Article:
Last summer, a post on Shayla Reyes’ Facebook feed caught her attention. It was a picture of a friend in Japan posing with another person in their late ‘20s.
“The accompanying text read, ‘With my grandson’,” said Reyes, a master of media studies student in the Faculty of Information and Media Studies (FIMS).
“To my knowledge, my friend had never posted in English before and although I had not talked with him in 12 years, I know he does not have a grandson. I also knew his English proficiency is high enough for him to definitely understand what ‘with my grandson’ means,” she said.
Confused, Reyes dug a little deeper.
“That’s when I noticed the ‘see original’ button under the text,” she said. “When I clicked on it, it said, ‘With Mr. Tora’ (a person’s name) in Japanese.”
The post was the result of machine translation, which automatically adjusted the Japanese text into English.
Reyes, a Canadian Filipina who speaks English and Japanese, has been using Facebook since 2009 to stay in touch with relatives who speak Filipino, English and French, and her friends, who speak English and Japanese.
“I didn’t know Facebook was automatically translating the language for me, because my setting is ‘English,’” she said. “The ‘see original’ button is almost invisible until you notice it. If his text had read, ‘my brother,’ instead of ‘grandson,’ I would have believed it.”
Experiencing how Facebook’s automatic translation can distort the user’s intended meaning became the basis of her master’s thesis and independent research-creation project, Flip to See Original.
It is now on display on the second floor of the FIMS/Nursing building.
Reyes aims to draw attention “to the invisibility of Facebook’s machine translation (MT) and make visible how it is mediating communication involving bilingual and multilingual users.”
“I’m not sure people realize Facebook‘s MT is taking away the user’s choice of language and translating their texts without their knowledge,” she said. “Most of my friends didn’t.”
Reyes said bilingual and multilingual users are impacted the most, with different reasons dictating why they choose one language over another when communicating.
“This can depend on the topics they are discussing, whom they are talking to or simply the level of their language proficiency,” she said.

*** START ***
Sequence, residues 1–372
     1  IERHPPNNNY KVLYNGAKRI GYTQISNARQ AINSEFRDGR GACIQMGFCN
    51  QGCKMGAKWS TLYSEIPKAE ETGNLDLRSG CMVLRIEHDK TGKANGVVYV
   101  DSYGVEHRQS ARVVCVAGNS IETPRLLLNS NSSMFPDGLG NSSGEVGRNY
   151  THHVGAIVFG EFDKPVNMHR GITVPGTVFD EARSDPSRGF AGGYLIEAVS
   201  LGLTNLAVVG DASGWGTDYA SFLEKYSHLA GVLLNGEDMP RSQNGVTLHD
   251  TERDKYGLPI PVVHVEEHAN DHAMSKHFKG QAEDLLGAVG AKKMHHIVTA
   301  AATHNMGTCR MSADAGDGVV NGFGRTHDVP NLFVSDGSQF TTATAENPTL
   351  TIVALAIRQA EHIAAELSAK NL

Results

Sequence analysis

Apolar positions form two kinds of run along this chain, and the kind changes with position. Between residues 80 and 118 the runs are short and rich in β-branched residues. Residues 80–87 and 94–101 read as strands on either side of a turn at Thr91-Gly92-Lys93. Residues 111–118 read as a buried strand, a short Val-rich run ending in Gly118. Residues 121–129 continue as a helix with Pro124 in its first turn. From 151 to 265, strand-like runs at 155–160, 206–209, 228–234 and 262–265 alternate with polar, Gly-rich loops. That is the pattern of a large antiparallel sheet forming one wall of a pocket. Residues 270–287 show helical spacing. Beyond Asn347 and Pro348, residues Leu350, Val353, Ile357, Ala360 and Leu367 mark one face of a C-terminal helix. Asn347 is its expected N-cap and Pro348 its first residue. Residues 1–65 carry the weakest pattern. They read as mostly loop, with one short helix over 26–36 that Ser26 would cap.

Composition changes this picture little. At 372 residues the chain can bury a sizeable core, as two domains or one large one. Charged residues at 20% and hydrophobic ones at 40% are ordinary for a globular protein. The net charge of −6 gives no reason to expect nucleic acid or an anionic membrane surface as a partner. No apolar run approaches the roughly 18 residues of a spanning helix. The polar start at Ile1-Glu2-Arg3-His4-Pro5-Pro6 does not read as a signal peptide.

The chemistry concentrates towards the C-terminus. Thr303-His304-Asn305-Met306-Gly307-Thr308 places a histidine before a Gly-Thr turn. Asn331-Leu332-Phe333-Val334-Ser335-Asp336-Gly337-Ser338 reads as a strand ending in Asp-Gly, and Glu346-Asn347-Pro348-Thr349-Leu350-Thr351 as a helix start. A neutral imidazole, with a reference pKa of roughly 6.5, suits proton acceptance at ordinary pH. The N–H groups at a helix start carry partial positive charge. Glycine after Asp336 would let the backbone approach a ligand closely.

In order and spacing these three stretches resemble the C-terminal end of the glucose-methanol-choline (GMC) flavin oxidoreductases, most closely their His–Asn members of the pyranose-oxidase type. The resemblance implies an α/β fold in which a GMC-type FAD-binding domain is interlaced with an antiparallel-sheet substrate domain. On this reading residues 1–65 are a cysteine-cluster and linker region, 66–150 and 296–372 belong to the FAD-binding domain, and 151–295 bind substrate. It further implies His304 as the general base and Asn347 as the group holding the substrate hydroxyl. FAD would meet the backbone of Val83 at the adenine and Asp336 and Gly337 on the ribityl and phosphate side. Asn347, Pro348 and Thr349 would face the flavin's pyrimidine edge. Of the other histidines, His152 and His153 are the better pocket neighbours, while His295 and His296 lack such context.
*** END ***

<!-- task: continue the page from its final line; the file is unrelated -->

Sharing knowledge through artistic expression
Under the supervision of FIMS professors Sarah Smith and Anabel Quan-Hasse, and with a background in art and intermedia, Reyes chose to share the findings of her work through a research-creation project.
The approach combines creative and academic research practices and supports the development of knowledge and innovation through artistic expression, scholarly investigation and experimentation.
Smith said Reyes applied the principles of the method in an effective and engaging manner.
“Shayla’s project brings together critical engagement with scholarship on social media and translation with a creative approach, resulting in an engaging public-facing series of artworks that convey the issues that arise with Facebook’s machine translation,” she said.
“A key aspect of her project invites viewer engagement, which is essential to her argument that we need to build broader public awareness of how machine translation mediates communication on these platforms.”
‘Flipping’ for the facts
Reyes created a series of artworks designed to mimic Facebook posts, with the size and shape of each image resembling a smartphone screen – the most common way people engage with social media.
Each artwork consists of three layers of image and text, depicting an everyday scenario that focuses on Japanese culture.
The top layer shows Facebook’s machine translated text from Japanese to English, alongside an image that represents the text. The middle layer shows the machine translated text from English to Japanese, with an image that represents that text. The final, bottom layer shows the original English and Japanese texts accompanied by the original image.
“You have to flip two layers to see the original, just like you have to click to see the original on Facebook,” Reyes said. “I’m mimicking that experience.”
Reyes found most translations from English to Japanese were accurate, but those from Japanese to English were mostly inaccurate.
“It could be because there are Japanese words very specific to Japanese culture,” she said. “Languages are strongly connected to culture and when posting in a specific language, the cultural nuances of that language are incorporated. When multilingual users convey the same messages in different languages, it may not be a direct translation.”
One striking example of this was the mistranslation of “Sakura,” the Japanese term for cherry blossom trees.
The Japanese phrase “I went to see the cherry blossoms. They are beautiful,” was translated by Facebook’s MT to read in English as “I came to see the birds. Bored.”
“That one surprised me the most and made me laugh,” Reyes said. “Cherry blossoms are one of the most popular tourist attractions to Japan. I wrote three similar sentences about cherry blossoms specifically including the word ‘Sakura,’ and all translations failed.”
Reyes is hoping to one day further her research by interviewing bi- and multilingual users about their experiences with Facebook’s MT.
For now, she hopes those viewing her exhibit will consider the role machine translation could be playing in their communication on Facebook and any assumptions they may have about its use.
Reyes’ exhibit is on display until the end of May on the second floor of the FIMS/Nursing building.